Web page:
3 FTSE Shares Crashing To New Lows: British American Tobacco plc, Standard Chartered PLC and Wm. Morrison Supermarkets plc

With the depths of December 2012 off the radar, the historic 52-week low for the FTSE 100 (FTSEINDICES: ^FTSE) is creeping upwards and now stands at the 6,023 point level set in June. But the index of top UK shares is still comfortable above that at 6,734 today, and even getting close to last year’s record high of 6,876 — the only question now seems to be when will it beat it?

But some shares are not likely to see new highs any time soon. Here are three plumbing new depths:

British American Tobacco

With the popularity of smoking around the world fading, the writing could finally be on the wall for the tobacco business. It certainly hasn’t helped British American Tobacco (LSE: BATS) (NYSE: BTI.US), whose share price fell to a 52-week low of 3,087.5p today. That’s a fall of only around 2% over the past 12 months, but the price has been in a slump since the summer after a bright start to 2013.

Although earnings are still rising, the rate of growth is slowing. And it’s all coming from British American’s higher-margin “Global Drive Brands”, with actual tobacco sales by volume falling.

Standard Chartered

Standard Chartered (LSE: STAN) shares also had a weak second half in 2013, with the price dipping to a 12-month low of 1,239p yesterday before recovering a little to stand at 1,290p this afternoon. That’s a fall of 23% over 12 months for the bank that escaped the credit crunch, but which is now suffering from slowing Asian growth.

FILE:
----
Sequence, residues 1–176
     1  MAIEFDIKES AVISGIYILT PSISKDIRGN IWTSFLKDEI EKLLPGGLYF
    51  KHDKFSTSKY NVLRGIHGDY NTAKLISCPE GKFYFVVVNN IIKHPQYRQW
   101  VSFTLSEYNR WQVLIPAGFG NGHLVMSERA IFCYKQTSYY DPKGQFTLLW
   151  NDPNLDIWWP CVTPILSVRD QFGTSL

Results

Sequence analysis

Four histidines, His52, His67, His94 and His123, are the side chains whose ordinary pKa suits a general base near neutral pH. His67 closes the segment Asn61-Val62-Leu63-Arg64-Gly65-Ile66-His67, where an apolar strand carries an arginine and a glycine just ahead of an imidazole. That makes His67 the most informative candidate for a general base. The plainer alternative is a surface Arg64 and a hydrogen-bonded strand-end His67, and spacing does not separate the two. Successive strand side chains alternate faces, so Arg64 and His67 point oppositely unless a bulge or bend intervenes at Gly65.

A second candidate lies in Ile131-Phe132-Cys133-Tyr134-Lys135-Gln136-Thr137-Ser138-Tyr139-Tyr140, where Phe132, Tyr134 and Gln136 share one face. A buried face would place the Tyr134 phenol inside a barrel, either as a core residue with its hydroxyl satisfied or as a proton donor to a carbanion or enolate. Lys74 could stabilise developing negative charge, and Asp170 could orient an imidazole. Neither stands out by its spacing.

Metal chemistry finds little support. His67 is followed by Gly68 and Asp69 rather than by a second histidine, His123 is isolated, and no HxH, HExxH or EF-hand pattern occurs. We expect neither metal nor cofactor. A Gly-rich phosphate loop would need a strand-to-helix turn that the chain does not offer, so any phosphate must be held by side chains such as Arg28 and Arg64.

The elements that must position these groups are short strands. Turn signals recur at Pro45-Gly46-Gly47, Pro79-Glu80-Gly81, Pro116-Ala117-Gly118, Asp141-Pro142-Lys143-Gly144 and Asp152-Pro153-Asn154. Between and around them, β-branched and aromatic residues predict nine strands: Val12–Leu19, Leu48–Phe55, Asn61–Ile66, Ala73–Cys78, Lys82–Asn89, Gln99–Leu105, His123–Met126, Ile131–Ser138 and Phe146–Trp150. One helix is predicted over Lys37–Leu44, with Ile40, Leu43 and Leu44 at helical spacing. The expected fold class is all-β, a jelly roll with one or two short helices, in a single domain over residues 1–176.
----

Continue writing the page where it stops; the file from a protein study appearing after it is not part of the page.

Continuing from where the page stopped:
But the shares look like they might be bargain-priced now. Although there’s an 8% fall in EPS expected for the year just ended in December, forecasts for 2014 suggest a return to growth and put the shares on a P/E of only 9, with a dividend yield of 4.4% predicted.

Wm. Morrison Supermarkets

Shares in Wm. Morrison Supermarkets (LSE: MRW) were round about breaking even until yesterday, when the supermarket chain released disappointing Christmas trading figures. The price promptly crashed to a 52-week low of 232.25p before bouncing back a few pennies to 236p as I write.

Morrison suffered a 5.6% fall in like-for-like sales, partly due to its lack of internet shopping at a time when rivals were seeing online sales soar — but its Ocado-powered offering should be activated this month.

On a forward P/E of under 10 and with dividend yields of around 5% expected, the shares might just be be oversold.

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>  Alan does not own any shares mentioned in this article. The Motley Fool owns shares in Standard Chartered and has recommended shares in Morrisons.